The fall of Ramadi and the criminality of US imperialism
20 May 2015
Nearly a year after the debacle suffered by US imperialism and the regime it imposed during more than eight bloody years of war and occupation of Iraq—the fall of the country’s second largest city, Mosul to the Islamic State of Iraq and Syria (ISIS)—a similar collapse has unfolded in Ramadi, the capital of Anbar, Iraq’s largest province.
Attempts by the White House, the State Department and the Pentagon to dismiss the events in Ramadi as a minor setback are either disingenuous or delusional. As in Mosul, Iraq’s US-trained and armed regular army largely melted away in the face of an offensive by the Islamist guerrillas. And once again, it has left behind large stores of US-supplied weaponry, ranging from dozens of armored cars and tanks to artillery and other armaments and vast quantities of ammunition, all of it now in ISIS hands.
Just as with Mosul, the fall of Ramadi has unleashed a new humanitarian catastrophe on the war-ravaged people of Iraq, with hundreds, if not thousands, of civilians killed and tens of thousands turned into homeless refugees. Those who remain face the threat of violence at the hands of ISIS as well as sectarian reprisals from the Shiite militias that are massing for a bid to retake the city.
This latest debacle has unfolded nearly 10 months into the Obama administration’s “Operation Inherent Resolve,” the title given to Washington’s latest military intervention in the Middle East. It has provoked criticism within ruling circles of US strategy, which has consisted of US airstrikes against both Iraq and Syria, the deployment of nearly 5,000 US ground troops in Iraq and the launching of a $500 million program to train and arm so-called Syrian “rebels.”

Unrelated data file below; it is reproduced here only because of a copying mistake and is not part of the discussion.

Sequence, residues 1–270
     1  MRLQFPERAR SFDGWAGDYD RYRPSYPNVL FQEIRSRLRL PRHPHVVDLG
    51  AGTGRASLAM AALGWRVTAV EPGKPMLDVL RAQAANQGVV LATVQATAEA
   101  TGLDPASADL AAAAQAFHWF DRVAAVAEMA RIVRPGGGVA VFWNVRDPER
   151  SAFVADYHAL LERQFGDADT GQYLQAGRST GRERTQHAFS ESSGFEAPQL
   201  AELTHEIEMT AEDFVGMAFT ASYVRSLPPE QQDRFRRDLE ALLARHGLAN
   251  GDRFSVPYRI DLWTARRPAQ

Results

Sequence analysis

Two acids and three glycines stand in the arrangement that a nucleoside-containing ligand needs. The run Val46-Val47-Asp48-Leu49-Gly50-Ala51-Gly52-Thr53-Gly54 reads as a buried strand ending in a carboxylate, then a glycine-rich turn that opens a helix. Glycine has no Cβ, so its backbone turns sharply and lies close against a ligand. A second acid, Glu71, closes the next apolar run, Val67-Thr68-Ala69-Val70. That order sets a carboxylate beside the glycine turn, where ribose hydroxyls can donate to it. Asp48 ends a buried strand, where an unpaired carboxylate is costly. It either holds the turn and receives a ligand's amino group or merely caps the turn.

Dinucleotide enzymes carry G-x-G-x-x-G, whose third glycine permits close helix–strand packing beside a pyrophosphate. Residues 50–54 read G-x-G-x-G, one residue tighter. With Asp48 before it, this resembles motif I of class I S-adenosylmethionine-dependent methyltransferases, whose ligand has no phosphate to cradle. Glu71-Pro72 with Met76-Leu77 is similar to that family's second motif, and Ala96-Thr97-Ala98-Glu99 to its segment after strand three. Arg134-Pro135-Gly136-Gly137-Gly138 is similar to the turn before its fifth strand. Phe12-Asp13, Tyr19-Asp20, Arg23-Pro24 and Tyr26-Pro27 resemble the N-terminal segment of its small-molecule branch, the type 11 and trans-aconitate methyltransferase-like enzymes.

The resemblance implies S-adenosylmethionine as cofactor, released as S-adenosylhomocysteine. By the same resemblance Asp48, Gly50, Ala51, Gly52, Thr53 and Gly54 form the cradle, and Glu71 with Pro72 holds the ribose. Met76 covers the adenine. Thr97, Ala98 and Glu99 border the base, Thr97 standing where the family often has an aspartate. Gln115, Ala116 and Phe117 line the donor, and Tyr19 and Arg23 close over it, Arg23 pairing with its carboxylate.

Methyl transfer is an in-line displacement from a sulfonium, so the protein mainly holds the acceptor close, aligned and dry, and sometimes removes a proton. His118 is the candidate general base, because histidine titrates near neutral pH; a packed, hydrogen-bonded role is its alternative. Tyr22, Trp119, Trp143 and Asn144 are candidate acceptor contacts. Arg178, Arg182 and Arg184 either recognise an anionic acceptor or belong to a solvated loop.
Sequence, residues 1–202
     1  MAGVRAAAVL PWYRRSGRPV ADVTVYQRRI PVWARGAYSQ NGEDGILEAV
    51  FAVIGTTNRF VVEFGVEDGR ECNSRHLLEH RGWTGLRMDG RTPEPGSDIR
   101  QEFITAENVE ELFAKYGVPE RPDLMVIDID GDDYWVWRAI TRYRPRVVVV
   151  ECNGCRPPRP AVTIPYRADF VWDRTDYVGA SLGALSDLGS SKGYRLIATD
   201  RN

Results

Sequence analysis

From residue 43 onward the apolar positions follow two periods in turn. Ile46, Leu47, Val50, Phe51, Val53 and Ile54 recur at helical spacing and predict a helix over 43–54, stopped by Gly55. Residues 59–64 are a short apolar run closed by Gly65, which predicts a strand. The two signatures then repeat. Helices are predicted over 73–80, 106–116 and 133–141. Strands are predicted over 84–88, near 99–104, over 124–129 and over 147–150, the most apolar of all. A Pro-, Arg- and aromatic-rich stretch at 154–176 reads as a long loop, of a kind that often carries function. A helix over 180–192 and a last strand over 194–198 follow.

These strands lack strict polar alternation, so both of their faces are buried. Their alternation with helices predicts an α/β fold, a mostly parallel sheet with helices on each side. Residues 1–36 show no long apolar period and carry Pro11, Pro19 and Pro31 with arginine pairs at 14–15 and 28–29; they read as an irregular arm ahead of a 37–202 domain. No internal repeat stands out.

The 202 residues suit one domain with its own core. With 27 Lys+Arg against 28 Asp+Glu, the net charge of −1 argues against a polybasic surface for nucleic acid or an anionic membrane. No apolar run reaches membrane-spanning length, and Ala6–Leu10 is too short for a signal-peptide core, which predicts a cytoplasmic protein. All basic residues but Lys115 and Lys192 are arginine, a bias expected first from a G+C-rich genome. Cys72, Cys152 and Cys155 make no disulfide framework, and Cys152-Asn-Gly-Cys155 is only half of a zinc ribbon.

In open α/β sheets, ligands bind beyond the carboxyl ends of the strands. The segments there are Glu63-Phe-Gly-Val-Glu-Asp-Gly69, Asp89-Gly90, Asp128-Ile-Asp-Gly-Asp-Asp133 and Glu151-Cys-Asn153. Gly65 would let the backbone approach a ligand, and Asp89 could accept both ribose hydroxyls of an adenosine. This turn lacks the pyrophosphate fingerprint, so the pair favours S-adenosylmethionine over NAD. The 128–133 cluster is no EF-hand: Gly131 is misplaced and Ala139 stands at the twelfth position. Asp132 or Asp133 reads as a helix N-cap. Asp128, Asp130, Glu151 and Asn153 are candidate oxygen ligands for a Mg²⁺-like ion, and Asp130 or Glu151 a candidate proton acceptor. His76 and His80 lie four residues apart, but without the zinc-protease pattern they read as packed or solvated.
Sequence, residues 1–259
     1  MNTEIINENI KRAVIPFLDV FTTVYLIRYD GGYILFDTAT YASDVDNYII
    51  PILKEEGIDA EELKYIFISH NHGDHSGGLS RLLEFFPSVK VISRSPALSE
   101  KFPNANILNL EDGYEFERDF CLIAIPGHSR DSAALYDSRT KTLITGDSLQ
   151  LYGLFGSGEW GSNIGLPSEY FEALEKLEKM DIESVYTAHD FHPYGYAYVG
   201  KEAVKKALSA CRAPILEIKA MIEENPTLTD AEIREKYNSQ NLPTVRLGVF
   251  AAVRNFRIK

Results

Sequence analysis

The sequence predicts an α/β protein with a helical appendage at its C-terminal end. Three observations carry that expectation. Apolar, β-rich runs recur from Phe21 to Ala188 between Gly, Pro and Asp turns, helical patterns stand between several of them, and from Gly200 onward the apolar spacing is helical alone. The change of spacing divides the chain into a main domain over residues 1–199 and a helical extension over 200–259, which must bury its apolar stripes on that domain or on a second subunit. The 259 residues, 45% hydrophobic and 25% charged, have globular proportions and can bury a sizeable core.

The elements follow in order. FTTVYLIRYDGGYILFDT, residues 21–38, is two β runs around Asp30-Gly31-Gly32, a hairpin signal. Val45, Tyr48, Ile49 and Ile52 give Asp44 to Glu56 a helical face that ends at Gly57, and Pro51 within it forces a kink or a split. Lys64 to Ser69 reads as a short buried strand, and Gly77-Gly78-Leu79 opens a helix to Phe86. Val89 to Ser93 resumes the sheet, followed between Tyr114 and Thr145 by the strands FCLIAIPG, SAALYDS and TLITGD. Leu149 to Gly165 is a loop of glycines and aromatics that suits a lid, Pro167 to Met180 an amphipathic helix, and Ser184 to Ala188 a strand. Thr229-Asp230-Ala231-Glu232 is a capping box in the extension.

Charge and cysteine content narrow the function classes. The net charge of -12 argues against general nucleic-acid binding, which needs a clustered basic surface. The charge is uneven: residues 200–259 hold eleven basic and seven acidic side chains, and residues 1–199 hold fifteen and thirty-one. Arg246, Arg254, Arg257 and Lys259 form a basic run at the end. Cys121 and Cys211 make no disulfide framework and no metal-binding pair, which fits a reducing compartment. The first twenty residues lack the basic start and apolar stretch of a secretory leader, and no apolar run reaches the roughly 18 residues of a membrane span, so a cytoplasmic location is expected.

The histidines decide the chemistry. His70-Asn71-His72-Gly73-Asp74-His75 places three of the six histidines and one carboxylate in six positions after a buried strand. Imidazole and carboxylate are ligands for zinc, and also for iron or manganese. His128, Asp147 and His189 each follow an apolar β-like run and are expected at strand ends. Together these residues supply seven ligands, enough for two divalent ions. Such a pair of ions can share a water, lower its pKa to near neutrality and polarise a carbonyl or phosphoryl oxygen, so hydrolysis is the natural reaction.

There is a growing drumbeat for sending greater numbers of US ground forces more directly into the fighting. The Washington Post published an editorial Tuesday charging that “the US lacks a strategy to fulfill President Obama’s pledge to ‘degrade and ultimately destroy’” ISIS. It demands that the administration commit US military units to “work with Iraqi forces on the ground.”
Similarly, the Wall Street Journal published a column urging “more ground operations by Special Operations forces” as well as the deployment of “Apache attack helicopters and transport planes,” along with an entire brigade “dedicated to improving operational command and intelligence support.”
It is no accident that amid this drive for the escalation of the ongoing US intervention another, thoroughly dishonest, debate has played out in the context of the 2016 presidential election campaign, over whether the launching of the March 2003 invasion of Iraq was a “mistake” or a justified response to what proved “faulty intelligence.”
The immediate impetus for this phony debate has been calls for Republican presidential hopeful Jeb Bush—and other Republicans—to account for the actions of the younger Bush’s brother, George W. The cynical aim of both the capitalist politicians and media, however, is to erase from the consciousness of the American people the bitter lessons of being dragged into a criminal war of aggression foisted upon them through scaremongering about “weapons of mass destruction” and ties between Baghdad and Al Qaeda. Both were fabrications employed to promote a war whose real aim was securing US hegemony over the energy-rich Middle East.